The V-LCD17HR is the perfect display for low-cost production or confidence monitoring. The V-LCD17HR includes a number of features such as Status Display, False Color Filter, Markers, Freeze Function, Color Temperature Presets, RGB Gain / Bias Adjust, Pixel-to-Pixel, Blue Gun, Hard Tally and user-definable function buttons. The V-LCD17HR can be ordered as a standard EIA 19-inch rack mount monitor with attached rack ears that can be angled to provide the user control over viewing angles. A VESA standard 75mm hole pattern also allows custom mounting installations. Alternately, the V-LCD17HR can be ordered in desktop configurations (V-LCD17HR-3G-DT / V-LCD17HR-2HD-DT).
- 1920 x 1080 resolution
- Budget 17-inch production / rack mount monitor
- False Color Filter
- Thin, robust mechanical design
- Also available with dual input HD-SDI (V-LCD17HR-2HD)
- Available with desktop stands (V-LCD17HR-3G-DT / V-LCD17HR-2HD-DT)
False Color Filter
The False Color filter is used to aid in the setting of camera exposure. As the camera Iris is adjusted, elements of the image will change color based on the luminance or brightness values. This enables proper exposure to be achieved without the use of costly, complicated external test equipment.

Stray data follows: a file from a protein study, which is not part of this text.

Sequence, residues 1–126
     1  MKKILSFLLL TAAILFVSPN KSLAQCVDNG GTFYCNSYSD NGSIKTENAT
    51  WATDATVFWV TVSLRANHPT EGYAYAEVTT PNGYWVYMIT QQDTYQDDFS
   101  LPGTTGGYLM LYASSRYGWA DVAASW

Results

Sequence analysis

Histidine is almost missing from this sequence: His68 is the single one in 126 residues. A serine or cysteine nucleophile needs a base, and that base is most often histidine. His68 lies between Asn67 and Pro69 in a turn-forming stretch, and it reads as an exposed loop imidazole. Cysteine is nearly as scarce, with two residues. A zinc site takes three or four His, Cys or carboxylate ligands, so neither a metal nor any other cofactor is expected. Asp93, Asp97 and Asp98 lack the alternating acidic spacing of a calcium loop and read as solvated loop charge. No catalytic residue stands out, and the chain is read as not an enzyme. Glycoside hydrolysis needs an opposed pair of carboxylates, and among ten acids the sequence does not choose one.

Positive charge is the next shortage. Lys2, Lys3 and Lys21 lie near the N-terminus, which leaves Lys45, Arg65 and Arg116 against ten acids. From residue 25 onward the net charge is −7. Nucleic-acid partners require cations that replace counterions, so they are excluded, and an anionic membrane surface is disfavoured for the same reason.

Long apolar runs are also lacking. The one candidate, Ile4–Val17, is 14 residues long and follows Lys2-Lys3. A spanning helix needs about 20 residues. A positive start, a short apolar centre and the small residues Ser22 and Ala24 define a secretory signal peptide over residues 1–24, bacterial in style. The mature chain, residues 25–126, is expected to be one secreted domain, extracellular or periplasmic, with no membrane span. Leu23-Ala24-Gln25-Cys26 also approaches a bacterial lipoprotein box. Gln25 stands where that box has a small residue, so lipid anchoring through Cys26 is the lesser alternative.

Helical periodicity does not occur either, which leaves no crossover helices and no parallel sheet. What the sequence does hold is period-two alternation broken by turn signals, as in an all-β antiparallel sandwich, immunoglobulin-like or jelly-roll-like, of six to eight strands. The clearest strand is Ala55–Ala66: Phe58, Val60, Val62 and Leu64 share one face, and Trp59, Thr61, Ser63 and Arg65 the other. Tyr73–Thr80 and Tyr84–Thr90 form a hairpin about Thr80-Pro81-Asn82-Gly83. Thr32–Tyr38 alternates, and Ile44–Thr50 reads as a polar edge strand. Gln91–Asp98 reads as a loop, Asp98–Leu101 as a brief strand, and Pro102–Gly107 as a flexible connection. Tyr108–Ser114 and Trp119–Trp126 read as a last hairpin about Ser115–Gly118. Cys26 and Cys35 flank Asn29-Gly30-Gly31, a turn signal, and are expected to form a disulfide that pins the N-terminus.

To best utilize this feature, you must understand the color chart and have a basic understanding of camera exposure. Normally, when shooting subjects like people, it is common practice to set exposure of faces to the equivalent of approximately 56 IRE. The False Color filter will show this area as the color PINK on the monitor. Therefore, as you increase exposure (open the IRIS), your subject will change color as indicated on the chart: PINK, then GREY, then a few shades of YELLOW. Overexposed subjects (above 101 IRE) on the monitor will be shown as RED. In addition, underexposed subjects will show as DEEP-BLUE to DARK-BLUE, with clipped-blacks indicated with a FUCHSIA-like color. Lastly, the color GREEN is used to indicate elements of the image that are approximately 45 IRE. This represents a "neutral" or "mid-level" exposure commonly used for objects (not people).
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